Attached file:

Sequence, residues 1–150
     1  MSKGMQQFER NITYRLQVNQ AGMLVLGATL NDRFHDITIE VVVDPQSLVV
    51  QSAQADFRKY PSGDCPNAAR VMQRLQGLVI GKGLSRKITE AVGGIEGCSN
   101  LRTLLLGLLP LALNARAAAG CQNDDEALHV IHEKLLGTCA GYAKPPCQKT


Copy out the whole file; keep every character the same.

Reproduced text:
Sequence, residues 1–150
     1  MSKGMQQFER NITYRLQVNQ AGMLVLGATL NDRFHDITIE VVVDPQSLVV
    51  QSAQADFRKY PSGDCPNAAR VMQRLQGLVI GKGLSRKITE AVGGIEGCSN
   101  LRTLLLGLLP LALNARAAAG CQNDDEALHV IHEKLLGTCA GYAKPPCQKT